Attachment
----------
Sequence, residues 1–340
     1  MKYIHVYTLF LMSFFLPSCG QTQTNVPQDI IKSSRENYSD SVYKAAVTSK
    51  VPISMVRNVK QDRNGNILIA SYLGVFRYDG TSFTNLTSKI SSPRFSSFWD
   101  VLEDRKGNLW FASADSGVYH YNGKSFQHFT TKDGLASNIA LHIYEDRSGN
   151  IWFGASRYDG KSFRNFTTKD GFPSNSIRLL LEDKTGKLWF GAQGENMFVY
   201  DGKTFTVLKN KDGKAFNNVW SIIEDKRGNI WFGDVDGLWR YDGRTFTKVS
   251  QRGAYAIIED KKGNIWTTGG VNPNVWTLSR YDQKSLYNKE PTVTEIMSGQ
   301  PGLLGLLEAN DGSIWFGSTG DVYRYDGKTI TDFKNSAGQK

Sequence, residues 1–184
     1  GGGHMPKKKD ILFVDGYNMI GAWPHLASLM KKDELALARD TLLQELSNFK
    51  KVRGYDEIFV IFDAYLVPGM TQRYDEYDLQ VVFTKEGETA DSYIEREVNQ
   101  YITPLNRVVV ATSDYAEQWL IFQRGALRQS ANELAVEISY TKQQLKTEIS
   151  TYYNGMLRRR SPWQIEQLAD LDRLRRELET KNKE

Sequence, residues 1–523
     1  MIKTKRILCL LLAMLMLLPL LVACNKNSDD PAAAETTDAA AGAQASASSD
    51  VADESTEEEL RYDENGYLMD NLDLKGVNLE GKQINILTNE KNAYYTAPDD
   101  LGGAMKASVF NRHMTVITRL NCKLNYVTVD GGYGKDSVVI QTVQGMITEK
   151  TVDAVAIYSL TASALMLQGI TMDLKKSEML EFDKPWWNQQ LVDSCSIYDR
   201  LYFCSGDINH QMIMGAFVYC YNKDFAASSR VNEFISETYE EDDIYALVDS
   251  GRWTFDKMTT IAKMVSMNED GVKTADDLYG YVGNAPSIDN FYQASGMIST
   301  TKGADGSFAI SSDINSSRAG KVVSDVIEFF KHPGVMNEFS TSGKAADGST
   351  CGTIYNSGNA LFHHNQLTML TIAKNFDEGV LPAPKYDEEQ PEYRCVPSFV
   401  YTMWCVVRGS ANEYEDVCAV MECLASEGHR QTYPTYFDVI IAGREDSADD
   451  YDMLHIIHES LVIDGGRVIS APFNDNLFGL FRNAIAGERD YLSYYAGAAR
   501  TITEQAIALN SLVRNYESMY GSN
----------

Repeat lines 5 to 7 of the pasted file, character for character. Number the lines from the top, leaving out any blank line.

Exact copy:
   151  IWFGASRYDG KSFRNFTTKD GFPSNSIRLL LEDKTGKLWF GAQGENMFVY
   201  DGKTFTVLKN KDGKAFNNVW SIIEDKRGNI WFGDVDGLWR YDGRTFTKVS
   251  QRGAYAIIED KKGNIWTTGG VNPNVWTLSR YDQKSLYNKE PTVTEIMSGQ